Press Release
Equatorial Guinea: COVID-19 Poses an Existential Threat to All
EG Justice

(Washington DC April 2, 2020) EG Justice, the Equatoguinean Commission of Jurists (CEJ) and the Centre for the Study and Development Initiatives (CEID) call on the government of Equatorial Guinea to adopt and fully fund a transparent data and science-based response to the COVID-19 pandemic, and to respect and protect the rights, including economic and social rights of the most vulnerable Equatoguineans during these challenging times.

On March 21, Equatorial Guinea approved through a Presidential Decree, an $8.2 Million fund to combat the spread of the Coronavirus in the nation. The same decree called on “Public and Private Companies, Nongovernmental Organizations, Public ad Private Employees, and the General Public” to voluntarily contribute to the fund.  In the ensuing days, the government has doled out the number of confirmed positive cases (15 to date) in the country, although an unconfirmed statement by the coach of the men national soccer team, quoting the team’s doctor, who also works for the national hospital, put the real numbers at over 100 positive cases.

According to Tutu Alicante, Executive Director of EGJustice, “President Obiang, the longest ruling Head of State in the world, has squandered the nation’s wealth in white elephant projects rather than on building health clinics, schools, or social projects—such as availing the people of clean running water—that would positively impact or improve the masses livelihood.”

Among the most vulnerable in the country are those in prison, where lack of basic sanitation and overpopulation is a common trait.

“The government should free anyone that is under arrest without charges and ensure that those in prison facilities are fully protected from the pandemic as recommended by the UN,” stated a spoke person for the CEJ. “The government must recognize the authentic peril posed by this pandemic and use the opportunity to reduce the agony of families and prisoners that would suffer unnecessary pain due to lack of medical care, food, and other essential amenities.”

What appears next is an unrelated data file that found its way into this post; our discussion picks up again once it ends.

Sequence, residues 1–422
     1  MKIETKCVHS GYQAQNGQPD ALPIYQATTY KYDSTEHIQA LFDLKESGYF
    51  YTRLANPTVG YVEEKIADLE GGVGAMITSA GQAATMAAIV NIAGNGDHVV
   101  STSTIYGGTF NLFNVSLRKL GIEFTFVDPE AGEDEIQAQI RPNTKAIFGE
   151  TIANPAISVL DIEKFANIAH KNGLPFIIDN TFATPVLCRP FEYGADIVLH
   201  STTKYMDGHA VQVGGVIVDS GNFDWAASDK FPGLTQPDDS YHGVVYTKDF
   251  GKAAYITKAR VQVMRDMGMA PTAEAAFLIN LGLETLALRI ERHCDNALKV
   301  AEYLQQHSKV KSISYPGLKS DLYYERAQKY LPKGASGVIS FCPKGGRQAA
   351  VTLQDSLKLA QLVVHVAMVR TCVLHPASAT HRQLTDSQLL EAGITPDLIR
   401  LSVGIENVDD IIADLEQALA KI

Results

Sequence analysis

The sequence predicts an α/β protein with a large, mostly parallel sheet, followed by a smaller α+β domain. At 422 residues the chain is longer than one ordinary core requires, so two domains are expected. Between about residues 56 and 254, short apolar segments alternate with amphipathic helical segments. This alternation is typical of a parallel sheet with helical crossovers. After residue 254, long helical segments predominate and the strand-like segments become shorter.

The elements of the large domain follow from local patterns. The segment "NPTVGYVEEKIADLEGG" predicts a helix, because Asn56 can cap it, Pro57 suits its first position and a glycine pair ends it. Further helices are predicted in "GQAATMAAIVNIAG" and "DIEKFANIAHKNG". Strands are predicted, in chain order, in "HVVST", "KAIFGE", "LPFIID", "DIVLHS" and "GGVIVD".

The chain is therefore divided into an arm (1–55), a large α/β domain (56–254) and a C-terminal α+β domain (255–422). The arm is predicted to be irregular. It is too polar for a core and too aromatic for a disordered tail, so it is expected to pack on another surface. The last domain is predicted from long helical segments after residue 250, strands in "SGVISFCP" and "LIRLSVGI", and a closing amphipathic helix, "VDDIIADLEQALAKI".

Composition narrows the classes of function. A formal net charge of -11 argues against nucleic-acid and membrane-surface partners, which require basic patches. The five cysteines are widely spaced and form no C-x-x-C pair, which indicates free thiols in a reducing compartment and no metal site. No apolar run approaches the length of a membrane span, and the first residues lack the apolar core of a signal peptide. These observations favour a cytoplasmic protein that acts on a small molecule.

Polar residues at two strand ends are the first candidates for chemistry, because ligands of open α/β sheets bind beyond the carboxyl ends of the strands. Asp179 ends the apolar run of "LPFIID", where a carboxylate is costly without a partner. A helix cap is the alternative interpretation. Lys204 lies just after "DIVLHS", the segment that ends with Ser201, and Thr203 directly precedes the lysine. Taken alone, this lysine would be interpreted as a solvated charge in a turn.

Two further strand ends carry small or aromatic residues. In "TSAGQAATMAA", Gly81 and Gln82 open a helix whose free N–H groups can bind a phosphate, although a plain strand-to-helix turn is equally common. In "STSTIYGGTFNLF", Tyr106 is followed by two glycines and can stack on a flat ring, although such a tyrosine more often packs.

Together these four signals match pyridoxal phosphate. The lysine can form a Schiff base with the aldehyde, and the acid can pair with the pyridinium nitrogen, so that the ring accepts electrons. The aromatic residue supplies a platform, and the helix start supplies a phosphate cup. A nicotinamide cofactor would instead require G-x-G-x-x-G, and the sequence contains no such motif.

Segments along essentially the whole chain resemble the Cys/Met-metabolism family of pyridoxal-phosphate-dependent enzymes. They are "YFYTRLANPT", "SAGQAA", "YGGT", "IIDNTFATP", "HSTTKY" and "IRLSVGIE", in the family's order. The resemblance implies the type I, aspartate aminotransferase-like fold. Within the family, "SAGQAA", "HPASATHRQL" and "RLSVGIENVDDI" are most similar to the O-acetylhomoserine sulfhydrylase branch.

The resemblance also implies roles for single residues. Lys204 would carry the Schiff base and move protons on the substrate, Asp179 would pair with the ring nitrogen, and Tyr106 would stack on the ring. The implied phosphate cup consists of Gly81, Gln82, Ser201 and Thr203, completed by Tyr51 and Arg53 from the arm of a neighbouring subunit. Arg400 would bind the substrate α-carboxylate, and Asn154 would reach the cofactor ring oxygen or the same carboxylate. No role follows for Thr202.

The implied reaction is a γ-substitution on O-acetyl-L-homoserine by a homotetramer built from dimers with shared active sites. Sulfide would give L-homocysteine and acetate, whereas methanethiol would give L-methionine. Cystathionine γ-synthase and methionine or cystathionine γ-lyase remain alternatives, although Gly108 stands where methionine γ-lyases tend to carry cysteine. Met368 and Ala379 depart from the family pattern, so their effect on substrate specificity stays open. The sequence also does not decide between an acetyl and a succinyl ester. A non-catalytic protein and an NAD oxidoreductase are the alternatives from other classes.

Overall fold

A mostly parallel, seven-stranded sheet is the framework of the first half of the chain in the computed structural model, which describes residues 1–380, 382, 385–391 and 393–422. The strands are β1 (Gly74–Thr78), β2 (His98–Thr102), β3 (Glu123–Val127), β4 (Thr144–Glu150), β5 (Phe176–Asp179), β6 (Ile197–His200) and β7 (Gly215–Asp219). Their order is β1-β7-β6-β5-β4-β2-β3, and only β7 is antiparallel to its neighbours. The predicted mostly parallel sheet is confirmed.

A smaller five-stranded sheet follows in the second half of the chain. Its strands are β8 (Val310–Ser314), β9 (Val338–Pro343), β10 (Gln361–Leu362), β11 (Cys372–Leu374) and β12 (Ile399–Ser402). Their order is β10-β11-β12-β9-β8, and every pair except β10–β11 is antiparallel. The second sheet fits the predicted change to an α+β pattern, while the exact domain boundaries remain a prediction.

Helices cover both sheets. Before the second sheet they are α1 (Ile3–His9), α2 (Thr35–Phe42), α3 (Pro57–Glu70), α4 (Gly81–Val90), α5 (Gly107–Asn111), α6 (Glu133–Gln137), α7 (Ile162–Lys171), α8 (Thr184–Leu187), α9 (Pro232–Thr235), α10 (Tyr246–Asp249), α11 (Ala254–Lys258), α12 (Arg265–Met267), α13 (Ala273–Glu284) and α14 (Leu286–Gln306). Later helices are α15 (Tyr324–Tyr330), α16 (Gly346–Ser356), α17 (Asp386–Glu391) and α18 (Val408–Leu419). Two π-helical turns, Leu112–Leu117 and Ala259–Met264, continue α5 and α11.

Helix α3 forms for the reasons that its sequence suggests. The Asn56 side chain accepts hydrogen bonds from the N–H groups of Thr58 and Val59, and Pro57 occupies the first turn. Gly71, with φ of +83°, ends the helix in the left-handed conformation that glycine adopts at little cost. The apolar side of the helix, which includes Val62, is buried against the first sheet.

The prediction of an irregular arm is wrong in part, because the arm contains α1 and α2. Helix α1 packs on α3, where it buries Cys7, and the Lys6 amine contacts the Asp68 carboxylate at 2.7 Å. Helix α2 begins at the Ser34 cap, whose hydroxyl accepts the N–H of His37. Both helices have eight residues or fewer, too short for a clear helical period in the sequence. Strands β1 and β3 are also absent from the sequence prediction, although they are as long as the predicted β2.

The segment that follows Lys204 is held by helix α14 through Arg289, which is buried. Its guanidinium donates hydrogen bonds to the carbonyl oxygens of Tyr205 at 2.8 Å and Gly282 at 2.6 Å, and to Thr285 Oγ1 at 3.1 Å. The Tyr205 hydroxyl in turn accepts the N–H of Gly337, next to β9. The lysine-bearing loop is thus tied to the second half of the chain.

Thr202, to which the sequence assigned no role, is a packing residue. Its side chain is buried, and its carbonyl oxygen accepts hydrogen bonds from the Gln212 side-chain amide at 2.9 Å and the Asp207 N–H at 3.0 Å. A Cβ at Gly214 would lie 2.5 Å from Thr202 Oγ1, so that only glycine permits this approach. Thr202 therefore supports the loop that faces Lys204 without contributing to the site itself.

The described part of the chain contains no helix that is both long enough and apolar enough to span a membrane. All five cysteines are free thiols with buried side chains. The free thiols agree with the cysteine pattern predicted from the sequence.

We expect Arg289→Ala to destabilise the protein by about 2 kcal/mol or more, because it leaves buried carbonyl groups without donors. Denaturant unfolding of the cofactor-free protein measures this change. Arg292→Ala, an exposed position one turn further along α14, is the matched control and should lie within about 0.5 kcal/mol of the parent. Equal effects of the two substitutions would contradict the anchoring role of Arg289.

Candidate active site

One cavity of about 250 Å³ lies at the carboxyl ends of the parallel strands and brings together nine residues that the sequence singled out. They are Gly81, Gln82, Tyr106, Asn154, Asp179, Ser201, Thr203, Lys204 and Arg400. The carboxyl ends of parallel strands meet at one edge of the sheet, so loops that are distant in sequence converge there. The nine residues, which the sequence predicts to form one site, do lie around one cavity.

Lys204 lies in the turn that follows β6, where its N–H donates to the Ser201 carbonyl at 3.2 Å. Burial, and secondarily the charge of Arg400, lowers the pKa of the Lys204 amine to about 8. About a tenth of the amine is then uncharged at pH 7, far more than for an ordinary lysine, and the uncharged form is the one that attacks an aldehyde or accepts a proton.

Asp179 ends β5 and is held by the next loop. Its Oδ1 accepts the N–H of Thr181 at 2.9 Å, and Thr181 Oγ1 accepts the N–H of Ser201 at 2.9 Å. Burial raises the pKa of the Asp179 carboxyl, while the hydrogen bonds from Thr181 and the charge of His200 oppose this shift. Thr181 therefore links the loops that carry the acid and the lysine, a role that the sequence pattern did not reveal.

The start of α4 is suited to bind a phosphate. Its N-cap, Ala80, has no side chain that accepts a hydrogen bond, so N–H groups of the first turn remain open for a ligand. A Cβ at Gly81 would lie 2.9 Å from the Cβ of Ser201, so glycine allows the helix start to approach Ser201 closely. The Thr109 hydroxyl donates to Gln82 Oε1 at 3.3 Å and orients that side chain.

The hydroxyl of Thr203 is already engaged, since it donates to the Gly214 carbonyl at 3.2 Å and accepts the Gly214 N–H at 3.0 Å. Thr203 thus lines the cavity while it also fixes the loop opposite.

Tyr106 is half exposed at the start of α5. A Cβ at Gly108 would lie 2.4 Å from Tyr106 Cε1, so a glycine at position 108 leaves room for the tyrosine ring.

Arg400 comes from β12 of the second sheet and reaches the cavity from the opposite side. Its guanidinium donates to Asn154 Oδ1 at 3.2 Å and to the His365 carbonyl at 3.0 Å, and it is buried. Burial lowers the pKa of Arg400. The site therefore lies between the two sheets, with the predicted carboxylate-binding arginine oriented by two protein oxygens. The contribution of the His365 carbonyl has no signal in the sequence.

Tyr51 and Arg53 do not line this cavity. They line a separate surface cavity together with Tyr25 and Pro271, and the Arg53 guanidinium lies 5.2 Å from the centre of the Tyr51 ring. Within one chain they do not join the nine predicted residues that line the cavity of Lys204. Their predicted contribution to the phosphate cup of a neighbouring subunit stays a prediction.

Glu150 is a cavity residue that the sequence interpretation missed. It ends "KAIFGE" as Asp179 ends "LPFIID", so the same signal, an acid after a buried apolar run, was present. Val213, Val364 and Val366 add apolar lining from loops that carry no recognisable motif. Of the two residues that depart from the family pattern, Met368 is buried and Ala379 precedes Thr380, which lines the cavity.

Despite ranking among the top three African nations with the highest GPD per capita, the government of Equatorial Guinea has scored poorly on Human Development Index, and it has consistently spent less than 2% of its budget on healthcare.  The country’s hospitals generally lack adequately trained personnel, the sanitary conditions are abhorrent, and access to adequate care is almost non-existent.

“It is hard to comprehend the government’s rationale for such an underfunded response to a pandemic that spread out all over the world and affected all spheres of human life in our country.” said Alfredo Okenve, Vice President of CEID. “This is a government that had no problems paying $20Million to finance the building of a headquarter for the African Centre forSecurity and Intelligence, and gave millions of Dollars to UNESCO to create an award, to France for the reconstruction of the Notre Dame, and to China to battle COVID-19.”

While French judges were upholding the conviction of the Equatoguinean Vice-President, Teodorin Nguema Obiang, for embezzling and laundering millions of Euros in France, he was repurchasing luxury vehicles that Switzerland had confiscated from him. Simultaneously, the IMF was approving a $282.8 Million loan to Equatorial Guinea.  Yet, the images that have emerged about the government’s response are those of market vendors’ fruits and vegetables discarded on the ground as a result of police raiding.


The gravity of the moment calls for the government ofEquatorial Guinea to be measured and fully transparent; it calls for authorities to take all necessary steps to ensure that all Equatoguineans, the poor, the vulnerable, prisoners, the unemployed, all have access to free food and free medical care. It is critical that ensuring the obligation ‘to fulfill’ economic and social rights comes simultaneously with ensuring the obligation ‘to respect’ civil and political rights which includes those imprisoned without due process.  Public and private hospitals and clinics must be adequately equipped and sanitized, and citizens must have access to clean water to wash their hands. But also, security forces must refrain from using violence to target the most vulnerable.  



For more information, please contact:

In Madrid, for CEID, Alfredo Okenve(Spanish, French): +34 698 326 362 (mobile); or

In Chapel Hill, for EG Justice, TutuAlicante (Spanish, English, French): +1-615-479-0207(mobile); or Twitter: @TutuAlicante